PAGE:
These two questions led onto the discussion between nature vs. nurture (genes vs. environment), and that both are pretty important. With regards to question no.2, Shelley Rudman highlighted that to be a successful athlete it’s not 100% about your physical condition, but training your ‘frame of mind’ is also vital.

3. We all need a ‘healthy diet’ but how do we determine what ‘healthy’ means for an individual person?

The panel agreed that a balanced diet is key. An interesting point Jamie Raftery mentioned was something we discussed in an interview beforehand,  that a diet which works for one person doesn’t necessarily work for another. We’re all different and so we need to work out our own balanced diet. Personalised diet is a form of personalised medicine, pretty cool concept right?! Dr Adam Rutherford raised the fact that according to scientific data, diets don’t work. Fad diets actually end up leading to weight gain! Prof. Neena Modi said we should give our children a whole range of foods, flavours and textures to give them the best chance of a healthy diet, and that if given a choice between unhealthy and healthy food, children tend to gravitate to the healthy stuff over time!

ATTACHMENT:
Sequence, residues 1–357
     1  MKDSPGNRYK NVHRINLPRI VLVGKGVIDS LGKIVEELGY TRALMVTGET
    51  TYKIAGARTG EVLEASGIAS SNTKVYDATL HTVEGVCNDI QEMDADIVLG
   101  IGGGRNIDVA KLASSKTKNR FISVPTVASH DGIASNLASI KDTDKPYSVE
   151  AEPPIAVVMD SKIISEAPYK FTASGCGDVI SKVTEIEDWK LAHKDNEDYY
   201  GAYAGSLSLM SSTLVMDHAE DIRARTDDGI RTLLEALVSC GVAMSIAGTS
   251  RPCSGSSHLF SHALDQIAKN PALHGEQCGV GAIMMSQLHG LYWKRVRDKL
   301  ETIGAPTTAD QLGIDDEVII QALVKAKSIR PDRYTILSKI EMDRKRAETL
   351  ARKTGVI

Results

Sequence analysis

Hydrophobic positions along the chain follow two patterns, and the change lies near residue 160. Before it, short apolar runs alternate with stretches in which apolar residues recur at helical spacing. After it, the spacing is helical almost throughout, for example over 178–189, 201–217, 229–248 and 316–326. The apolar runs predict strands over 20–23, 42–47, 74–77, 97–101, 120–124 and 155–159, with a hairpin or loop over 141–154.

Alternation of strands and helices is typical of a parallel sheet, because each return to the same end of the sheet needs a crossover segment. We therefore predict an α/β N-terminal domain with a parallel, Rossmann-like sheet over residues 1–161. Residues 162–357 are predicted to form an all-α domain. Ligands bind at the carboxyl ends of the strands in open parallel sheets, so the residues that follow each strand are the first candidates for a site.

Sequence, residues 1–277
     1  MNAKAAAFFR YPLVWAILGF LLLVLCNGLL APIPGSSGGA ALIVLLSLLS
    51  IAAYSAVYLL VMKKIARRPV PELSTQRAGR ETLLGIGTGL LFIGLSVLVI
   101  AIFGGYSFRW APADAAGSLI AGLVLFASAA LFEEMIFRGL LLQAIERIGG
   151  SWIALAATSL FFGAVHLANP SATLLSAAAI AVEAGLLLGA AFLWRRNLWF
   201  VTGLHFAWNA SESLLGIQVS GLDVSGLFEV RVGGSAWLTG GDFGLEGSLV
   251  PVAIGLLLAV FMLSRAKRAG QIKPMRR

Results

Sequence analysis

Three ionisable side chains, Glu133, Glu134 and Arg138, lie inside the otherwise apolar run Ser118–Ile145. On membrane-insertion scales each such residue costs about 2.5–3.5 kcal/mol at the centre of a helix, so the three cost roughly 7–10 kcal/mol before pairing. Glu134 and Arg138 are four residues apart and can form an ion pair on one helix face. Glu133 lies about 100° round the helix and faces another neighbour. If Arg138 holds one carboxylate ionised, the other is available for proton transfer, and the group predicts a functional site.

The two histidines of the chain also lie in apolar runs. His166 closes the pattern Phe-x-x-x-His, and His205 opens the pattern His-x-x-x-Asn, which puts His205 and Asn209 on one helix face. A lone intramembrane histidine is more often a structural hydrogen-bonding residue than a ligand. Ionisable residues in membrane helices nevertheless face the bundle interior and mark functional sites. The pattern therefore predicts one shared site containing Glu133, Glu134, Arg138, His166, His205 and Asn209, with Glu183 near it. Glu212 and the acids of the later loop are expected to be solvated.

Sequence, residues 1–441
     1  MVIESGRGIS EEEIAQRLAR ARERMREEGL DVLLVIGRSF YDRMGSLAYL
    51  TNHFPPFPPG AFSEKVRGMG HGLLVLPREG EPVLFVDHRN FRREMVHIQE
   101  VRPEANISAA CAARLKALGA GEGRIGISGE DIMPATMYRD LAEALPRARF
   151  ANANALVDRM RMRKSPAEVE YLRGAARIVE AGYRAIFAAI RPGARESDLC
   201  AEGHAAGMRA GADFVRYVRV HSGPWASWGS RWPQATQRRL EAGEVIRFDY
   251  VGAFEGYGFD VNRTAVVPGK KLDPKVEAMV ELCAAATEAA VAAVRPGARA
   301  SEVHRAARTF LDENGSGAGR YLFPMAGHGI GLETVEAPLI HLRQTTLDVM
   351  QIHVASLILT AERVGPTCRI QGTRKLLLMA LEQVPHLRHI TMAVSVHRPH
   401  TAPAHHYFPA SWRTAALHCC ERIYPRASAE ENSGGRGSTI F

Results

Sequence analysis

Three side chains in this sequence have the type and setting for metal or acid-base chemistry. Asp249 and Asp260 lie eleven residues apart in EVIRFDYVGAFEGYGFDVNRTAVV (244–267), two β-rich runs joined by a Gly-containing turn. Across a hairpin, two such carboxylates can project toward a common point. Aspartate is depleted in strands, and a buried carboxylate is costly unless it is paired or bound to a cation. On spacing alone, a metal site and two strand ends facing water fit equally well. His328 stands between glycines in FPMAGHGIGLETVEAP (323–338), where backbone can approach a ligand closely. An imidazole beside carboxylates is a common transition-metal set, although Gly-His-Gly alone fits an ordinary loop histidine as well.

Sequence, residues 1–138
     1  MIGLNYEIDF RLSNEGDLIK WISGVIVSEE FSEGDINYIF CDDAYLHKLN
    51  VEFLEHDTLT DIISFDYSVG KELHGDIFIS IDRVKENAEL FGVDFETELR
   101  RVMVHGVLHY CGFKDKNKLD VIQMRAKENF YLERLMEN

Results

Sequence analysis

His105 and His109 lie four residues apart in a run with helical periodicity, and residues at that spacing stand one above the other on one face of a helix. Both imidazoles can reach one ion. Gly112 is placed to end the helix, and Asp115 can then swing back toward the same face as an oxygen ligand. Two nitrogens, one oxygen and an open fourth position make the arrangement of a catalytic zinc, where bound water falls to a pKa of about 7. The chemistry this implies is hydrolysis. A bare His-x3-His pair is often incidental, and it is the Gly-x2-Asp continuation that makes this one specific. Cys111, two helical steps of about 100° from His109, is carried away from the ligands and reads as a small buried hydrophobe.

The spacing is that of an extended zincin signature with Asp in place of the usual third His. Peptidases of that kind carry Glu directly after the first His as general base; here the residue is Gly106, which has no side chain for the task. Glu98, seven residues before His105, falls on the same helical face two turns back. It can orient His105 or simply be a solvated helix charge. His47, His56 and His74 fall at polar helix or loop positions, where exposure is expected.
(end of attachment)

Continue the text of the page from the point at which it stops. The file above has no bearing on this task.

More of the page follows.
4. As it is now cheaper than before for genome mapping, should everyone have their genome mapped so that we can design or give interventions for diseases much earlier?

There was definitely a difference in opinion here! Some were in favour as it would be interesting to know what your genome says about you and your future health, but for those reasons, some would rather not know what lies ahead of them! Getting our genome mapped would be so fascinating, but what’s more important is knowing the results on a larger population scale, not just a few individuals. Could everyone’s genome be read at birth?

5. How do we draw the line between genetic modifications which improve health and those that give other perceived beneficial traits?

The opinions of the panel were divided on this one. Interesting, Prof. Neena Modi highlighted that by choosing who we have children with we’re actually selecting the traits we want to be carried on into the next generation. Is that a form of genetic modification? Advances in scientific technology are of course happening, and so we’ll see what happens in the future, but there could be some ethical dilemmas to figure out!